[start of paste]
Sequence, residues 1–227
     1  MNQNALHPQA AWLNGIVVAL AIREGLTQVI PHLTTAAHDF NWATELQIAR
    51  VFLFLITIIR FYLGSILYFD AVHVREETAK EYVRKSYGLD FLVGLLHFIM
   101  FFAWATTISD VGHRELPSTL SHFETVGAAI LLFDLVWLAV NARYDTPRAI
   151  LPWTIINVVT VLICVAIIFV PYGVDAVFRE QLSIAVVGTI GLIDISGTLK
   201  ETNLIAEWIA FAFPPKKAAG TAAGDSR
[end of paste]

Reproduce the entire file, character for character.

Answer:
Sequence, residues 1–227
     1  MNQNALHPQA AWLNGIVVAL AIREGLTQVI PHLTTAAHDF NWATELQIAR
    51  VFLFLITIIR FYLGSILYFD AVHVREETAK EYVRKSYGLD FLVGLLHFIM
   101  FFAWATTISD VGHRELPSTL SHFETVGAAI LLFDLVWLAV NARYDTPRAI
   151  LPWTIINVVT VLICVAIIFV PYGVDAVFRE QLSIAVVGTI GLIDISGTLK
   201  ETNLIAEWIA FAFPPKKAAG TAAGDSR